Podcasts & RSS Feeds
Most Active Stories
- No, Chinese investors aren't 'buying up Detroit' – but they do have an eye on the Motor City
- The average Michigan family needs $52,330 a year to 'make ends meet'
- Here are our 10 favorite photos of what your winter looks like
- What all the snow and ice will mean for Great Lakes water levels
- Michigan's Attorney General is risking his political future over the gay marriage case
Thu September 27, 2012
Supporters rally to keep Grand Rapids suburb connected to metro bus sytem
People in the Grand Rapids suburb of Walker will vote this November on whether to withdraw from the regional bus system. Now transportation supporters are fighting back.
Supporters of the bus system in metro Grand Rapid held a kick-off rally in defense of the bus sytem, known as The Rapid.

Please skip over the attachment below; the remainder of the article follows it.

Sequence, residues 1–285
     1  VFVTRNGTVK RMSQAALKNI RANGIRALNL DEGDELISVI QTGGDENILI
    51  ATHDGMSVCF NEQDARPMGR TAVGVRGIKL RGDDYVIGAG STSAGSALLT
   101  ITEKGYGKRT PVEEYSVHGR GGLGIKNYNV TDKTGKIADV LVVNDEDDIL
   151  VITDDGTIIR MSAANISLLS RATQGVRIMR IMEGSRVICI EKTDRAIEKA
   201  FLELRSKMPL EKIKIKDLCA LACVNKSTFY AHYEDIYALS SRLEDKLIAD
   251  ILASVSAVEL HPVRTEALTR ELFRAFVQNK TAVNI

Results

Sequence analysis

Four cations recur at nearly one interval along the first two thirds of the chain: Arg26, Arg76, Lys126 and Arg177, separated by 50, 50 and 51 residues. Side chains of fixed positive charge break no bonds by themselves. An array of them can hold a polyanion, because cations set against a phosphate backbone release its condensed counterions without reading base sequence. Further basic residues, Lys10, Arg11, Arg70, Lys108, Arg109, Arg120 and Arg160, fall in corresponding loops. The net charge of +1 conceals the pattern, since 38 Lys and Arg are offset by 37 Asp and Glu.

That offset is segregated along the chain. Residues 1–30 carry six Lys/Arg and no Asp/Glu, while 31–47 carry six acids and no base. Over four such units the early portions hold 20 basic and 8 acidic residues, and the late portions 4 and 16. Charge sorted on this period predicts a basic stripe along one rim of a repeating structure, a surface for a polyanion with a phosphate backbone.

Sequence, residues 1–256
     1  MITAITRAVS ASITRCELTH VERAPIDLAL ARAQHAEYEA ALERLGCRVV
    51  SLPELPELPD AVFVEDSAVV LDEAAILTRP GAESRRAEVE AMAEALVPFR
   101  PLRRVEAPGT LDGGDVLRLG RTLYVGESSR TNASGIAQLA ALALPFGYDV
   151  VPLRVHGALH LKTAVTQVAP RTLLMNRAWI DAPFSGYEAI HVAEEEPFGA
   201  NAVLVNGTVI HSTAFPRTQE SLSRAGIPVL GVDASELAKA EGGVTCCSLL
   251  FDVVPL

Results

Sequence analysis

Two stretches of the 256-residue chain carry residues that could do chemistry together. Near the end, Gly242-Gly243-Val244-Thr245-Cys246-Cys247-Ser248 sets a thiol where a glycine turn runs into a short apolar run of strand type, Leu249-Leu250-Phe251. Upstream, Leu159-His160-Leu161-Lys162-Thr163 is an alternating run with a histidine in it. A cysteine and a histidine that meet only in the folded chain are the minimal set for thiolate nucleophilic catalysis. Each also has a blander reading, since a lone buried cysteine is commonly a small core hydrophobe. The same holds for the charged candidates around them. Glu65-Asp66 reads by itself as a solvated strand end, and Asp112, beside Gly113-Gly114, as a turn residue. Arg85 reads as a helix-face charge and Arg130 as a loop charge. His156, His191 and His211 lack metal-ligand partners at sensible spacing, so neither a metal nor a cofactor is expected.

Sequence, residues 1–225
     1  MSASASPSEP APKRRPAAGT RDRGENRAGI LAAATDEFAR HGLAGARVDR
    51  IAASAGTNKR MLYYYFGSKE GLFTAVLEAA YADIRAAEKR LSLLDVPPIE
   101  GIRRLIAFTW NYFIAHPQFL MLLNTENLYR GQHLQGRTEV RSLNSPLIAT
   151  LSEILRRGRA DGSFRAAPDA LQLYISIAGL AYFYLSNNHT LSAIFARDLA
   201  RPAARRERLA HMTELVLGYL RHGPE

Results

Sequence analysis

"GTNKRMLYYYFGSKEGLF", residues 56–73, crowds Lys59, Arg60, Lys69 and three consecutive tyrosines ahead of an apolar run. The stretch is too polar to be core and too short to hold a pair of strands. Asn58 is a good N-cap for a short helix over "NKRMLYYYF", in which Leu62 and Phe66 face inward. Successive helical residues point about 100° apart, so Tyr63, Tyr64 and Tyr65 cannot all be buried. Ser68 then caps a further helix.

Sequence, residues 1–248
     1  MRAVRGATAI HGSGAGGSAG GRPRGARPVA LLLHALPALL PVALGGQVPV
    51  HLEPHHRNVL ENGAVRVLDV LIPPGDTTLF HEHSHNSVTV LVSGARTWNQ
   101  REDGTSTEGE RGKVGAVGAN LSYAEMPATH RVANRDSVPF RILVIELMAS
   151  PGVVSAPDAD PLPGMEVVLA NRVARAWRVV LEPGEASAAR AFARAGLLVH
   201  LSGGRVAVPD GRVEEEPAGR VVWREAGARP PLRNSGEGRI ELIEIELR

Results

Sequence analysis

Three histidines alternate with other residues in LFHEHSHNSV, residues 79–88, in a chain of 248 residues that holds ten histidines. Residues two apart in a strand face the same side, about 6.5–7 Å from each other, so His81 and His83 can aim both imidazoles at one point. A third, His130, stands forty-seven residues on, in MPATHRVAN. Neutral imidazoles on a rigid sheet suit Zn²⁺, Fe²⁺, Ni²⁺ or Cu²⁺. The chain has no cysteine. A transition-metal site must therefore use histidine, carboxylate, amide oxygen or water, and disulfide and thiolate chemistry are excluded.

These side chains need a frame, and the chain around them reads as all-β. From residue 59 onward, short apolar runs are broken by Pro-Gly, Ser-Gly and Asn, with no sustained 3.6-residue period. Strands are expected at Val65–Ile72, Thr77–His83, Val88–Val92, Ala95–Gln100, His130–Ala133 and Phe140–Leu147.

Barbara Holt is a Walker City Commissioner and chairwoman of the regional transit authority. She and other business leaders at the rally said keeping Walker connected is vital to the overall community's economy.
“People can stay in Walker, go shopping someplace else, go working someplace else but we all come back. It’s so important that we do not isolate ourselves from the region,” Holt said.
“I use it for work, when I was working on my masters degree I used for school, medical appointments. I use it for everything,” Walker resident Tom Gilson said.
Gilson has been in a wheelchair all his life. He says The Rapid gives him personal freedom. “That’s important, and it’s not something to be taken for granted of trifled with,” Gilson said. He says he’d have to sell his house in Walker if voters decide to withdraw.
A taxpayer watchdog group is behind the petition to withdraw Walker. The Kent County Taxpayers Alliance says it's not against bus transportation in general, but feels the system is wasting tax dollars.
A little more than a year ago voters in Walker and Grandville voted against a tax hike to improve bus service. But voters in the larger region passed the increase… by less than a half of a percentage point.
If voters decide to withdraw Walker the change wouldn’t take effect for another five years; once that tax increase expires.
May 3rd election